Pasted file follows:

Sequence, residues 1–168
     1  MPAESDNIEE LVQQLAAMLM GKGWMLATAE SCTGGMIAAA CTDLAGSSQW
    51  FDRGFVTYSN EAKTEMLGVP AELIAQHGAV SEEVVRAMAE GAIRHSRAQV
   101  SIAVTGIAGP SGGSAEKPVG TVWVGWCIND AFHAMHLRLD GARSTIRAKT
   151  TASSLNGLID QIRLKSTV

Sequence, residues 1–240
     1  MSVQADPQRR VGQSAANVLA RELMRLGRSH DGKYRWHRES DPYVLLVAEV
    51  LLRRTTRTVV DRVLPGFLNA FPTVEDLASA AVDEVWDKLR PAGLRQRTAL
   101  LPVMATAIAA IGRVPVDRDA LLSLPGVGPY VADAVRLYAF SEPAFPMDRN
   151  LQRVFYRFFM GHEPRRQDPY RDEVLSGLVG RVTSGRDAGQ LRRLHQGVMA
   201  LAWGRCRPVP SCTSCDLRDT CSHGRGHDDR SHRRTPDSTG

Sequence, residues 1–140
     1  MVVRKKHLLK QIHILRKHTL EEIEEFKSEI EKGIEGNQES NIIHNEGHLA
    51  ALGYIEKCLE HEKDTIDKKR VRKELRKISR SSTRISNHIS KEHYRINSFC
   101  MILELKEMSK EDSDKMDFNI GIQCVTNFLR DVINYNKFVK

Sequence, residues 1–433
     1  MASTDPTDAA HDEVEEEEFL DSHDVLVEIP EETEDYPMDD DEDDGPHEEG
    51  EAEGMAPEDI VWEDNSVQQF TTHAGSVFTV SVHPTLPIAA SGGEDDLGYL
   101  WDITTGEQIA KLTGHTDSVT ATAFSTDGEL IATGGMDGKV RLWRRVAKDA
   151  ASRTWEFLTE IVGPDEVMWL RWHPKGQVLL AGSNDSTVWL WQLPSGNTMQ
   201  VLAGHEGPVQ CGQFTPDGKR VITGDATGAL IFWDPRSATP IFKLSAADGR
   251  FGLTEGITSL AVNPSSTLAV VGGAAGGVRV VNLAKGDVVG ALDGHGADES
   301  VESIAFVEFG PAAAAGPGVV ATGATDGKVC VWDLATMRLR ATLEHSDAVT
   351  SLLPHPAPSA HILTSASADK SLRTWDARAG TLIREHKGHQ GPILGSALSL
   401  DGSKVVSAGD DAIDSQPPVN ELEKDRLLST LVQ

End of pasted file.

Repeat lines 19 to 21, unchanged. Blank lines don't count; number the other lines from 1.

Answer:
   101  WDITTGEQIA KLTGHTDSVT ATAFSTDGEL IATGGMDGKV RLWRRVAKDA
   151  ASRTWEFLTE IVGPDEVMWL RWHPKGQVLL AGSNDSTVWL WQLPSGNTMQ
   201  VLAGHEGPVQ CGQFTPDGKR VITGDATGAL IFWDPRSATP IFKLSAADGR